15 May, 07 | by BMJ
Health secretary Patricia Hewitt has announced plans to drop the flawed Medical Training Application Service — but only from now on.
Round 1 interview set up through MTAS and which have already taken place, or which are due to take place, will still be valid.
Ms Hewitt has announced that local deaneries will notify junior doctors of the outcome of the round 1 interviews, rather than trying to continue any further with MTAS, and that selection for round 2 will be done by local deaneries, not via MTAS.
In her written statement to the Commons today Ms Hewitt outlined her concerns at the security breaches that had occurred with the MTAS site and said these would be reported to the police.
“Given the continuing concerns of junior doctors about MTAS, the system will not be used for matching candidates to training posts, but will continue to be used for national monitoring,” she said.
She went on to explain that, subject to the outcome of the current Judicial Review, the first offers for hospital specialities in England would be made on or after 21 May 2007, with all initial offers made by early June.
Her announcement came the day before Remedy UK was due to launch a legal case against the Department of Health against the flawed application process.
Dr Andrew Rowland, vice chairman of the BMA Junior Doctors Committee, welcomed the Department’s decision:
“The Department of Health has at last seen sense and effectively abandoned the unfair, discredited, and shambolic MTAS system,” he said. “We are extremely concerned that the Health Secretary believes criminal offences may have been committed as a result of security breaches.”
The BMA opposes any suggestion that interviews that have already taken place should be written off.
“Some people have called for the system to be scrapped altogether and for the tens of thousands of interviews that have taken place to be written off,” said Dr Roland. “This would be disastrous for doctors, for patients, and for the NHS.”
But Remedy UK — which accepts it is too late to re-run the interviews — believes any appointments made as a result of these should only be on a temporary basis.
Ms Hewitt’s announcement today was old news, said Matt Jameson Evans of Remedy UK, which is bringing the legal action against the Department. “We knew round 2 was going to be done by local deaneries.”
The vast majority of posts would be filled on round 1, he said, which is where Remedy UK claims the Department has abused its power. He says the announcement will not affect Remedy UK’s case, which was due to be heard on Wednesday (16 May).
Ms Hewitt’s written statement follows:
In my oral statement on 1 May 2007 I notified the House that there had been two security breaches of the medical training application service (MTAS) that arose on 25th and 26th April.
MWR Infosecurity has now completed a full security review of the MTAS system. Action has been taken by the contractor (Methods) to address the weaknesses identified. Both MWR and CESG (Communications Electronic Security Group), the national technical authority for information assurance, have confirmed that appropriate and sufficiently comprehensive action has been taken. The site was therefore re-opened last week, restricted to postgraduate deaneries only, to support the next steps in the recruitment process.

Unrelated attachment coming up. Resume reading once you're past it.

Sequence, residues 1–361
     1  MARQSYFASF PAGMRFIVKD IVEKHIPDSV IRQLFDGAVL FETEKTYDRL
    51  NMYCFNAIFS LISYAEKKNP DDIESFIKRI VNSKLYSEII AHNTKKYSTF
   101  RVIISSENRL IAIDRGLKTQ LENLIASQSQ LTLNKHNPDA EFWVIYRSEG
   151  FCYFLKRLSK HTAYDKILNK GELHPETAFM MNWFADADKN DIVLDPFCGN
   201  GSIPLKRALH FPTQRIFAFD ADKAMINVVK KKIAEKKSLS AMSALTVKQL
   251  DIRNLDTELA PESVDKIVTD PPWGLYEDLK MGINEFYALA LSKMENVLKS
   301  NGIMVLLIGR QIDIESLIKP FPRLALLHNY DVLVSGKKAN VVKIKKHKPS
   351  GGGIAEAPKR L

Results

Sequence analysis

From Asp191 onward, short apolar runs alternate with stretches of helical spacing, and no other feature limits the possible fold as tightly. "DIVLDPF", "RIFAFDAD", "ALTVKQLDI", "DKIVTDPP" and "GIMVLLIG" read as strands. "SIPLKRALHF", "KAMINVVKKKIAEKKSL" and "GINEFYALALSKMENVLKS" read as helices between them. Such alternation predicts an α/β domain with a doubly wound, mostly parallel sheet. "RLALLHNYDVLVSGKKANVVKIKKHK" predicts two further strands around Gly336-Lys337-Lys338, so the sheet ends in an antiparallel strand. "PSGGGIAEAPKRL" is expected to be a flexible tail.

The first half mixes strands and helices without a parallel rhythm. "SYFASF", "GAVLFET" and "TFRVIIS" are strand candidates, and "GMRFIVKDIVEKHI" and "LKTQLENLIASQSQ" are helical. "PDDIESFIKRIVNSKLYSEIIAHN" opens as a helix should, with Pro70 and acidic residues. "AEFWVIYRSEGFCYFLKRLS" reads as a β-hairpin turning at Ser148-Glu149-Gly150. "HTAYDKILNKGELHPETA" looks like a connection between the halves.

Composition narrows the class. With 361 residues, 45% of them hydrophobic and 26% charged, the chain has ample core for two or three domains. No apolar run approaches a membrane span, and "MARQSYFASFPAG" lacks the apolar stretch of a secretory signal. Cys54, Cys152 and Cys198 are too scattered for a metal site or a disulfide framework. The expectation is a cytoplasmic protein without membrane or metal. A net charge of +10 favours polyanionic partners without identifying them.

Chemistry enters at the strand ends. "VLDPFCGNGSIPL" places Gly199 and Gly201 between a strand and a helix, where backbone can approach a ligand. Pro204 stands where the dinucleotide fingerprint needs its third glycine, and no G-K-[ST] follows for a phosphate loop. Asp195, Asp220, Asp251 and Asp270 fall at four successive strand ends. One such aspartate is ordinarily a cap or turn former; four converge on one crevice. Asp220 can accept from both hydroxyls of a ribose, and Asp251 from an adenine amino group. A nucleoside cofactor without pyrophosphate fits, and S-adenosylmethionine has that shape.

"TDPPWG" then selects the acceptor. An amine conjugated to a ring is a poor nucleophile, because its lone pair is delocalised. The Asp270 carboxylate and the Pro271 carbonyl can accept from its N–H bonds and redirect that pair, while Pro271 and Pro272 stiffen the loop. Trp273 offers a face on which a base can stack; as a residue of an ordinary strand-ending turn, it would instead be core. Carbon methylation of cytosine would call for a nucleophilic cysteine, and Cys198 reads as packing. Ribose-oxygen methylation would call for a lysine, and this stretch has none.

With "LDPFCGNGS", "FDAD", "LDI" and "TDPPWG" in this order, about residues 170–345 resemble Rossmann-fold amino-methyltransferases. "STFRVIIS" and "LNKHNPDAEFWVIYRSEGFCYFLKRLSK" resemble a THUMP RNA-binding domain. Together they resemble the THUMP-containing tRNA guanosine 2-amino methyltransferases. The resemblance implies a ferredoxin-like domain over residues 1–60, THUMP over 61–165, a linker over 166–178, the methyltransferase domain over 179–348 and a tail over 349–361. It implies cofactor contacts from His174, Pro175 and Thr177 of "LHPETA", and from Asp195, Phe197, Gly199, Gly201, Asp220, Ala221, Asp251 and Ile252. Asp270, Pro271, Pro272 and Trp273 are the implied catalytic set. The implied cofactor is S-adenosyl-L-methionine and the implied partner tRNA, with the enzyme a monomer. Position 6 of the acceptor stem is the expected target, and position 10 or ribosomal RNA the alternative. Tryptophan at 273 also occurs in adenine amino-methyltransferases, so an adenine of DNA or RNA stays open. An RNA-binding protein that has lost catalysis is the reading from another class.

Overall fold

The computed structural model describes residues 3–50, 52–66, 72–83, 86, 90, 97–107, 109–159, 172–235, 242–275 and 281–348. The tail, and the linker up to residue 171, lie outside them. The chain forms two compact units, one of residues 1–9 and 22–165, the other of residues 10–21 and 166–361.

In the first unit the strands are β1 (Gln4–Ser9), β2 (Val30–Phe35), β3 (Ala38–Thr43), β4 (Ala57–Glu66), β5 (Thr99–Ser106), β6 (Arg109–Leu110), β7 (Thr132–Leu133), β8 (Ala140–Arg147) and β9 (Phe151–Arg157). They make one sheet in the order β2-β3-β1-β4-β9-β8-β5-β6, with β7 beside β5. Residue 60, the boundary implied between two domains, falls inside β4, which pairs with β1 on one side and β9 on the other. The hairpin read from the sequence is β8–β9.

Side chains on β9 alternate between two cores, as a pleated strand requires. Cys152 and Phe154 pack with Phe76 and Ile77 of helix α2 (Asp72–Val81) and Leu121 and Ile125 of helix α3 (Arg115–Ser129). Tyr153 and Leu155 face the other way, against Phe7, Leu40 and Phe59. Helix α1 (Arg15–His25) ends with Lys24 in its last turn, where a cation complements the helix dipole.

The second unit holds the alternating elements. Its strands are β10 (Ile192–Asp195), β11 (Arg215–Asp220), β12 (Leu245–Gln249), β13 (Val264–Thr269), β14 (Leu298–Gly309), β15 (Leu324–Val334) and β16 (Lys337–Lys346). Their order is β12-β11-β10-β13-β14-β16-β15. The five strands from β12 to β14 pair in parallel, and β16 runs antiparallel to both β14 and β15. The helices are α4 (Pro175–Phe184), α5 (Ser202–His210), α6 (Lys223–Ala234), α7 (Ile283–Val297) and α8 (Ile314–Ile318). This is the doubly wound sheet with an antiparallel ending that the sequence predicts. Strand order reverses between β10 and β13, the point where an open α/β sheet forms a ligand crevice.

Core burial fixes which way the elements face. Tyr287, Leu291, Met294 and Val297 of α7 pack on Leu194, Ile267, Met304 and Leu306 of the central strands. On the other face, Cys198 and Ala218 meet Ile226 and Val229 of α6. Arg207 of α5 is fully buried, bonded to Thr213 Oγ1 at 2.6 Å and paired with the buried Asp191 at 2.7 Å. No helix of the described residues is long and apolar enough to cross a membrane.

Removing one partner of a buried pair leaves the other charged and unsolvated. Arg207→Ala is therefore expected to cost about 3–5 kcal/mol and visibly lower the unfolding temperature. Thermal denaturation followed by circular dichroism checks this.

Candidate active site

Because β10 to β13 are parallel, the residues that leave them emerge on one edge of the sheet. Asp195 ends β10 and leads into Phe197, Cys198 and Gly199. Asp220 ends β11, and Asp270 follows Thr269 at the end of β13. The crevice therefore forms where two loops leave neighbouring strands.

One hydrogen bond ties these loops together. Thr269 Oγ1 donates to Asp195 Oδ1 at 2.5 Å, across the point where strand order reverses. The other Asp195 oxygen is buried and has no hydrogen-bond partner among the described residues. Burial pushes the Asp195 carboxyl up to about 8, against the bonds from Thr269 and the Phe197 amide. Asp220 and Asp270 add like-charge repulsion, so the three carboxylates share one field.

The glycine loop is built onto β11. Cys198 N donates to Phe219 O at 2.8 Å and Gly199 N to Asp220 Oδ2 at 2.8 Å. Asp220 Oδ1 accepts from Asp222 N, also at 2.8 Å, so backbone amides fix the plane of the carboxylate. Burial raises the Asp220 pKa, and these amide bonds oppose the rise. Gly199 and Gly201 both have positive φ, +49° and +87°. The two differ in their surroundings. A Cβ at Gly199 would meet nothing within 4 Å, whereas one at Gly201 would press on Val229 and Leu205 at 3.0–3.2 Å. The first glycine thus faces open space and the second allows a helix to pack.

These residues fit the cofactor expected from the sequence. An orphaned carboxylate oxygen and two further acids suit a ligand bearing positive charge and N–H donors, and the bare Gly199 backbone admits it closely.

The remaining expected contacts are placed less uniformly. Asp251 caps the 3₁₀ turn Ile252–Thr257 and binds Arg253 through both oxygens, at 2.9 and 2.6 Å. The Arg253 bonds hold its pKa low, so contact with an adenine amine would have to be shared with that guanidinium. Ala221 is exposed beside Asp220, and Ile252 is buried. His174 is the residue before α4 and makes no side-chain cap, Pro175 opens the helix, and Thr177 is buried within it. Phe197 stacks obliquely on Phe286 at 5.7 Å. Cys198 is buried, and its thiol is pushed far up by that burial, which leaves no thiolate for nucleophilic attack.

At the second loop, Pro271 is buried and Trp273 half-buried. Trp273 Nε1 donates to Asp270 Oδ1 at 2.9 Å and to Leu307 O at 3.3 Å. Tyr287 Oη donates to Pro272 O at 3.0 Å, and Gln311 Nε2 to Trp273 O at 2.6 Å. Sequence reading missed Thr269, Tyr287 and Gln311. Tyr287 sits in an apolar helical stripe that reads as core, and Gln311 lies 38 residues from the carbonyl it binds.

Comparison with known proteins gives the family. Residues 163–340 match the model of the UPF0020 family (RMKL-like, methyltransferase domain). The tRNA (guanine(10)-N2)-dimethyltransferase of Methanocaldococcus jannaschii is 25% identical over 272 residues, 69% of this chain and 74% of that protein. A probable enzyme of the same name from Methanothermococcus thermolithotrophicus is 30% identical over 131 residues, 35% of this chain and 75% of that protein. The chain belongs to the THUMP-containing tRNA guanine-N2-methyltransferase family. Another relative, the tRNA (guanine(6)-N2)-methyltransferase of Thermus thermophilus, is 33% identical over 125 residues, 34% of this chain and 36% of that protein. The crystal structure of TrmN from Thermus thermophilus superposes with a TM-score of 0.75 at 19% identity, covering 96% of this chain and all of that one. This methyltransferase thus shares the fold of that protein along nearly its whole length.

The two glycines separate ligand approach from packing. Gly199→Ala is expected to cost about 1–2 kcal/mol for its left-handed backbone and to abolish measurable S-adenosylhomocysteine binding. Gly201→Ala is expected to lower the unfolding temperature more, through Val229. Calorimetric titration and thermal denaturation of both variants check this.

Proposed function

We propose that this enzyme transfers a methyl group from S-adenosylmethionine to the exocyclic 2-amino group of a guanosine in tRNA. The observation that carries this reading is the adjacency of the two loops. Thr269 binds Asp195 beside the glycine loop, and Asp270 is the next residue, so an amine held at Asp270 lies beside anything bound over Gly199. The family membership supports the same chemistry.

Because the investigation has made it clear that criminal offences may have been committed, the MWR analysis and report have been given to the police.
Ongoing Recruitment process
Following the recommendations of the review group chaired by Professor Neil Douglas, every eligible applicant for postgraduate medical training has now been guaranteed at least one interview for their first preference post. An additional 15,500 interviews have therefore been arranged as part of Round 1 and are now taking place. I am extremely grateful to the consultants who have made themselves available for these additional interviews.
The review group met again on 9 May to consider the process of offering posts to candidates who are successful in their Round 1 applications. The group agreed that offers for the current round will be managed locally by individual deaneries, on the basis of published MMC guidance.
Offers will be made to successful candidates on a phased basis as
interviews for each specialty are completed. Subject to the outcome of the current Judicial Review, the first offers for hospital specialities in England will be made on or after 21 May 2007, with all initial offers made by early June. This process of making offers will continue until late June 2007, at which time Round 1 will close, ensuring that candidates and employers have time to prepare for appointments commencing on 1 August 2007.
Given the continuing concerns of junior doctors about MTAS, the system will not be used for matching candidates to training posts, but will continue to be used for national monitoring.
As we have stressed before, not all training posts will be filled in the
current round and there will therefore be further substantial opportunities
for those who are not successful initially. The review group has agreed
that this further recruitment will be locally planned and managed by the
deaneries. An announcement of the process will be made shortly.
Deaneries are continuing to work with the NHS and the Postgraduate Medical Education and Training Board to establish what additional training posts will be made available beyond the 23,000 training posts already available across the UK.